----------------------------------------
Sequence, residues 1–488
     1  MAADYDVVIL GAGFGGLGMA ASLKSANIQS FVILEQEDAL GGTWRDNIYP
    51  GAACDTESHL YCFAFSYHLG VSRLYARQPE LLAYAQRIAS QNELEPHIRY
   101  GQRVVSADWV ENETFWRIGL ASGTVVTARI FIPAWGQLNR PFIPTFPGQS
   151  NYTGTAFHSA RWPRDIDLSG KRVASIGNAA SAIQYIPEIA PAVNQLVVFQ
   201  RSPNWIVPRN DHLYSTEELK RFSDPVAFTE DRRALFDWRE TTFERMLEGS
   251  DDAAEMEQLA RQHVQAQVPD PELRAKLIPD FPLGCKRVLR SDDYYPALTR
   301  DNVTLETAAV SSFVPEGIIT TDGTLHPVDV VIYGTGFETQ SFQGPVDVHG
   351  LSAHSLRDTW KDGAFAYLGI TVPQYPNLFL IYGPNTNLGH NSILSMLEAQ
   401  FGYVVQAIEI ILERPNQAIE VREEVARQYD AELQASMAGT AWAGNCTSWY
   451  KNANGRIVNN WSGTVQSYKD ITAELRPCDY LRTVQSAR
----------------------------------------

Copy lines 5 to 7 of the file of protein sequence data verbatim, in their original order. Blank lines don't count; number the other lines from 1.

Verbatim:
   151  NYTGTAFHSA RWPRDIDLSG KRVASIGNAA SAIQYIPEIA PAVNQLVVFQ
   201  RSPNWIVPRN DHLYSTEELK RFSDPVAFTE DRRALFDWRE TTFERMLEGS
   251  DDAAEMEQLA RQHVQAQVPD PELRAKLIPD FPLGCKRVLR SDDYYPALTR